Joe Shields has led integrated digital marketing and public relations programs for consumer, biopharmaceutical, and government organizations. He holds an MBA from the University of Maryland and a BA in English literature and communication studies from Roanoke College, where he received a senior scholar award for fiction in 1995. He lives with his family in Keswick.
WESTERN ALBEMARLE HORSE PROPERTY ON 22 ACRES
ON ONE OF THE CITY’S MOST STUNNING, RESIDENTIAL BLOCKS
1440 Plains Drive • $1,095,000
1115 Hilltop Road • $1,795,000
This classic, luxuriously appointed home enjoys TOTAL privacy but also strong Blue Ridge views. First floor master, unbelievable kitchen with commercial grade appliances & screened porch with vaulted ceiling deck off family room/kitchen area, great mudroom. Upstairs are 4 bedrooms, TV room, bonus room, 3 full baths. Guest suite, 2nd family room, wet bar, billiards on lower level. Stunning center-aisle barn and a workshop/equipment storage building ... the ideal small horse or country property tucked away so close to everything. MLS# 531956
This c. 1931 classic even comes with a serpentine wall out front, constructed by a previous owner, who was Dean of the UVA Law School. Just completed extensive improvements include a new kitchen, garage converted to a large home office or rec room, new HVAC (Buderus furnace), total overhaul of the slate roof, copper gutters and downspouts installed, extensive landscaping and hardscaping, including an aggregate driveway and off-street parking for 6+ cars. What a transformation to this still character-rich brick home with a Blue Ridge view too! MLS# 542484 401 Park Street Charlottesville, VA 22902
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IN THIS ISSUE MARCH 2016
Lifestyles in Keswick and its’ environs PO Box 32, Keswick, Virginia 22947 T: 434.242.8033 E: firstname.lastname@example.org The minds behind Keswick Life: EDITORIAL EDITOR/FOUNDER Winkie Motley CONTRIBUTING EDITOR Colin Dougherty THE COLUMNISTS Tony Vanderwarker, Mary Morony, Suzanne Nash CONTRIBUTORS Mary Jane Timmerman PROOF READER Sierra Young
8 ON THE COVER Spring Has Sprung!
DESIGN AND PRODUCTION CREATIVE DIRECTOR Colin Dougherty Published by a division of Keswick Life PHOTOGRAPHY George Payne ADVERTISING NEXT ISSUE DEADLINE: the 10th of the month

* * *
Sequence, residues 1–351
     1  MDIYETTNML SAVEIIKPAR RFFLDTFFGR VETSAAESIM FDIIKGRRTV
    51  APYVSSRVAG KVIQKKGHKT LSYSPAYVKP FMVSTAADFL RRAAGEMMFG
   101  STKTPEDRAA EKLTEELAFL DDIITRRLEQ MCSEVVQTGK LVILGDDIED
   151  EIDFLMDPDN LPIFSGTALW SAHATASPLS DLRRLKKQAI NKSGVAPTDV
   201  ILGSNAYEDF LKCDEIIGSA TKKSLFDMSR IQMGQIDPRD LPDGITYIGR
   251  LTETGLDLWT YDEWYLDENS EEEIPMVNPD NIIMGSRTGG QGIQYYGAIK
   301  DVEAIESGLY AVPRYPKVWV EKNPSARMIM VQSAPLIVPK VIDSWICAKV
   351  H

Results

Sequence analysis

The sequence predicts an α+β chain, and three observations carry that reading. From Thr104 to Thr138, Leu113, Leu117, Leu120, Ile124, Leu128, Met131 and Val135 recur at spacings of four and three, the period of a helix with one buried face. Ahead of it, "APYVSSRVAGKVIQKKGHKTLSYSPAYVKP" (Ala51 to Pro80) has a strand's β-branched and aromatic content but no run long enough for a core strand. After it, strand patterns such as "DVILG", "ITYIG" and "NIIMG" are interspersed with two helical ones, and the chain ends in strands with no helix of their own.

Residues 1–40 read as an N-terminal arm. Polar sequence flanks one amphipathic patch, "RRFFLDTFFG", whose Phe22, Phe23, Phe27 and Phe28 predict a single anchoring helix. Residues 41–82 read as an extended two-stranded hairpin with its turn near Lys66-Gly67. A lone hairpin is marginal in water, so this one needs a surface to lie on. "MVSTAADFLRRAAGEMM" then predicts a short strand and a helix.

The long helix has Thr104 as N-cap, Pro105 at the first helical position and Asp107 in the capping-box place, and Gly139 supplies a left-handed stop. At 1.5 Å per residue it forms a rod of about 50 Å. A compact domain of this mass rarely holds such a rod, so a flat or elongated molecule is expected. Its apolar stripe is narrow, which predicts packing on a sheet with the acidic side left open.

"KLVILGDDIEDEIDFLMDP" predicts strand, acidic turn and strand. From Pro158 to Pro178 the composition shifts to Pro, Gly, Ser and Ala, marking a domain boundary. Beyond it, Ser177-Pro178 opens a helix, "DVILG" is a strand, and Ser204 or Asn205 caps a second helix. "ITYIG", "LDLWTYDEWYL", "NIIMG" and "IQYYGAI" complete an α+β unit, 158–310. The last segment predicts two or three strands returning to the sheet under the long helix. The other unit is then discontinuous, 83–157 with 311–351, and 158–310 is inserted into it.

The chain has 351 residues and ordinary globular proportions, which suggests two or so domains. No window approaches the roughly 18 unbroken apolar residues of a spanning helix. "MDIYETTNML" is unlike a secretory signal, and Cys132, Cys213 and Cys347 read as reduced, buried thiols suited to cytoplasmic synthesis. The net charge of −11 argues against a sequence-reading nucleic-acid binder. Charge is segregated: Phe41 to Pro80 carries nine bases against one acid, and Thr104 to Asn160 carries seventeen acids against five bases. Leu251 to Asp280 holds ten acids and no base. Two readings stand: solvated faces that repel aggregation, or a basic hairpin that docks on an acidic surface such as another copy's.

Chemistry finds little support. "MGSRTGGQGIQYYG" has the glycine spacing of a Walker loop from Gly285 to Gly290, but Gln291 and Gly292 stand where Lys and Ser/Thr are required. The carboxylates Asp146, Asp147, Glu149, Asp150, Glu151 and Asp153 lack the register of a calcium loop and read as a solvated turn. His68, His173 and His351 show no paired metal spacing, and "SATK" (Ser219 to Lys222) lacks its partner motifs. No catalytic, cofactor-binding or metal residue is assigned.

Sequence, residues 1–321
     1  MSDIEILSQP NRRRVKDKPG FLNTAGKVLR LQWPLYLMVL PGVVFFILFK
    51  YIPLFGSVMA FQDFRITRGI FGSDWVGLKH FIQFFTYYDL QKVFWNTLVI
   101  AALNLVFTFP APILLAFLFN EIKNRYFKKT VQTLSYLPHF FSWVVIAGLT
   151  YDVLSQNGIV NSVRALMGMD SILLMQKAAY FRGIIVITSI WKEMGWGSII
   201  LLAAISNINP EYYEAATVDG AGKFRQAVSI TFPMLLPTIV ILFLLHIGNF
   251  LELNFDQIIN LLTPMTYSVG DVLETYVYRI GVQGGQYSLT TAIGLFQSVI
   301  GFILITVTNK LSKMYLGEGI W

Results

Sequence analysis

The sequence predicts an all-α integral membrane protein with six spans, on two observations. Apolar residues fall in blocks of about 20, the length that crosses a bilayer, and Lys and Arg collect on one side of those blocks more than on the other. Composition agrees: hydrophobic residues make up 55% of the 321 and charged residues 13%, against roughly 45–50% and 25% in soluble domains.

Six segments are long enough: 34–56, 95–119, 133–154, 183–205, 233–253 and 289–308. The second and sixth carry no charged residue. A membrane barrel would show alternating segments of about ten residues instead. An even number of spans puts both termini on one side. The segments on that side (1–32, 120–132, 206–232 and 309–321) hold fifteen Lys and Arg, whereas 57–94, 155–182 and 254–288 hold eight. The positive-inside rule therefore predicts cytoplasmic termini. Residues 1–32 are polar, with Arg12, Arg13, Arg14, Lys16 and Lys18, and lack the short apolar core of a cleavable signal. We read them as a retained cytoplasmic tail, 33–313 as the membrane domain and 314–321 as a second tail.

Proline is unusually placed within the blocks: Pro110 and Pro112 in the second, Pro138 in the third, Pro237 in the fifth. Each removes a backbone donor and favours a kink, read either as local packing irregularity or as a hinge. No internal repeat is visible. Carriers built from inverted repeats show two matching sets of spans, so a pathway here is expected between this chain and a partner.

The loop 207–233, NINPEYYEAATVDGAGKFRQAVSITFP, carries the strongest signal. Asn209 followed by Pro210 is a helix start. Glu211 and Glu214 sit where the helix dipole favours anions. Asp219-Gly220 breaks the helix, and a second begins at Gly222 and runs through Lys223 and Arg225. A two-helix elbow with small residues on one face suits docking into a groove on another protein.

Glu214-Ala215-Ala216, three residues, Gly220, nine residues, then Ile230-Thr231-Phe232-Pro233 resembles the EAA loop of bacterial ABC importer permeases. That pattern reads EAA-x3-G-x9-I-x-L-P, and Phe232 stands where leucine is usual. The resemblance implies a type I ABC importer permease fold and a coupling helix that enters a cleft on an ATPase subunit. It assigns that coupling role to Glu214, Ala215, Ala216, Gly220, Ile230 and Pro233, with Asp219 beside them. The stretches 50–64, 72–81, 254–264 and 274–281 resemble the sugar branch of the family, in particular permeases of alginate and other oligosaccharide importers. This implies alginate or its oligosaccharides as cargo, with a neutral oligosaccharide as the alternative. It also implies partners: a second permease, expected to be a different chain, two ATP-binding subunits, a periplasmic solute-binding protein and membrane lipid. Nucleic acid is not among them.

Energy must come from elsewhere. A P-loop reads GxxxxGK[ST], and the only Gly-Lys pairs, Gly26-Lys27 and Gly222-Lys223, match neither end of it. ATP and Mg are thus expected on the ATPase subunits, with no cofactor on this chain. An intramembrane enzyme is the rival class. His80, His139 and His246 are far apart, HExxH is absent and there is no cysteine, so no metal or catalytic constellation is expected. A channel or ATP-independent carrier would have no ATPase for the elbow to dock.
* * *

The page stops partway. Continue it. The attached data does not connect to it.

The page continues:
Each spring visitors are welcomed to over 250 of Vir-
ginia's most beautiful gardens, homes and historic landmarks during "America's Largest Open House." This 8-day statewide event provides visitors a unique opportunity to see unforgettable gardens at the peak of Virginia's springtime color, as well as beautiful houses sparkling with over 2,000 flower arrangements created by Garden Club of Virginia members. Get all the details for tours in our area by reading our comprehensive guide to garden week!
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Where you can pick up a copy of Keswick Life! The Shadwell Store, Keswick Hall, Loring Woodriff Real Estate Associates, Keswick Club, Clifton Inn, Montpelier, Somerset Store, Cismont Store, Foods of All Nations, In Vino Veritas, Laurie Holladay Interiors, McLean Faulconer, Monticello, Frank Hardy, Inc., Feast, Middleburg Tack Exchange, Faulconer Hardware, The Eternal Attic, Palladio, Darden, Roy Wheeler Realty, Albemarle Bakery
12 ONLY IN KESWICK 14 COMMUNITY Tony Vanderwarker takes us on a comical tale of life The University of Virginia and the Thomas Jefferson in Keswick "according to Tony" - Can Westminster Canterbury Be That Far Away? Growing old isn't for sissies!
Foundation at Monticello will present their highest honors, the Thomas Jefferson Foundation Medals in Architecture, Law, Citizen Leadership, and Global Innovation during their joint Founder's Day activities. Read all about it in Keswick Life's Community section.
18 ON STAGE Dave Matthews Band turns 25! On May 11, 1991, the
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Mary Morony's March column opens with "Spring is